The state opened negotiations Monday with the largest state employee union and health insurance is again an issue. The president of the American Federation of State, County and Municipal Employees (AFSCME) Council 61, requested an 8-percent increase in salaries over a two-year period, and wants the state to continue paying 100-percent of health insurance.
The state is proposing a 1 percent pay increase with state employees picking up 20 percent of the cost of insurance.
Governor Terry Branstad told reporters Monday that state workers should pay part of their insurance costs. “I have been on record for a long time in feeling that everybody ought to have some skin in the game, ought to make some contribution,” Branstad says.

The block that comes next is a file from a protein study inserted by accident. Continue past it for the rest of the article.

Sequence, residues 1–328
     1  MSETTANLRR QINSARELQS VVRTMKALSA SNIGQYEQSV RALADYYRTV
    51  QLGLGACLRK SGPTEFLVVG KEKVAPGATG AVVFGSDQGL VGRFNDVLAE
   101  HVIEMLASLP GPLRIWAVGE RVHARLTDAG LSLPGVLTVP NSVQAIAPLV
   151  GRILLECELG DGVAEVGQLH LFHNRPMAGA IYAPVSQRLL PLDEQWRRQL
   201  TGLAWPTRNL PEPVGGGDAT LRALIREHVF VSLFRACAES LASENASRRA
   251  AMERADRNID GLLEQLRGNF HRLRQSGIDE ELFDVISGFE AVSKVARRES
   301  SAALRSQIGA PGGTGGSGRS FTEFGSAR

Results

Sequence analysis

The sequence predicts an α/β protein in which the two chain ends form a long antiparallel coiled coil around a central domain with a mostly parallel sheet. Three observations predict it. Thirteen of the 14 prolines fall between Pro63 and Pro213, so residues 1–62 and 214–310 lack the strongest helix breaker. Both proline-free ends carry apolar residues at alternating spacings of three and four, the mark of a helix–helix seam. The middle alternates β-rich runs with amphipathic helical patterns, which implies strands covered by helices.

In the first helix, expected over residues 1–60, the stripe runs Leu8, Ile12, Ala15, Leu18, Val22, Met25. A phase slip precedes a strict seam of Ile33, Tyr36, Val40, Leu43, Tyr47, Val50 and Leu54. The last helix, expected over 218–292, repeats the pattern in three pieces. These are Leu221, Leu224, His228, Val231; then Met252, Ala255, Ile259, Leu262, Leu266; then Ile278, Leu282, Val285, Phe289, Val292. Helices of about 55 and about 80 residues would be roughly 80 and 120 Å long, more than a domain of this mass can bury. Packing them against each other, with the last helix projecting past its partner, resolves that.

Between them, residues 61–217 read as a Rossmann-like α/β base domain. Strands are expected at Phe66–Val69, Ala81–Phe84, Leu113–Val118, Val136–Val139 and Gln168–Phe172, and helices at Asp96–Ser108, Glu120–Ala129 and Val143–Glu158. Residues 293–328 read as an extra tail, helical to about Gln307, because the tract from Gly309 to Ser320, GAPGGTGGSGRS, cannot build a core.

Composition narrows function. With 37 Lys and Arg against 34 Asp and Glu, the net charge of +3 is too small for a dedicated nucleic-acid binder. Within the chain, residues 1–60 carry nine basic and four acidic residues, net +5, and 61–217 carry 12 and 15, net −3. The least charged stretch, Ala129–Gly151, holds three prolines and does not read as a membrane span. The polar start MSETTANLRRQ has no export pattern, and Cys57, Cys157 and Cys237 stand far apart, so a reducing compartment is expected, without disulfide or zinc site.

Branstad sought the same thing during negotiations two years ago and ultimately an arbitrator ruled the state should continue to pay 100 percent of the health insurance, but denied the employees a pay raise.
Branstad says the union representing state law officers has agreed to pick up part of the cost of their insurance, and non-contract employees do as well. He says other state employees should also contribute. “Frankly we are paying a price for it not happening,” Branstad says. “The executive council had to approve a 40-million dollar increase in cost in our health care. And I think if people have some skin in and we work in a collaborative way together, we can do a better job of controlling health care costs for state employees.”
The negotiations on the new contract will resume in January behind closed doors.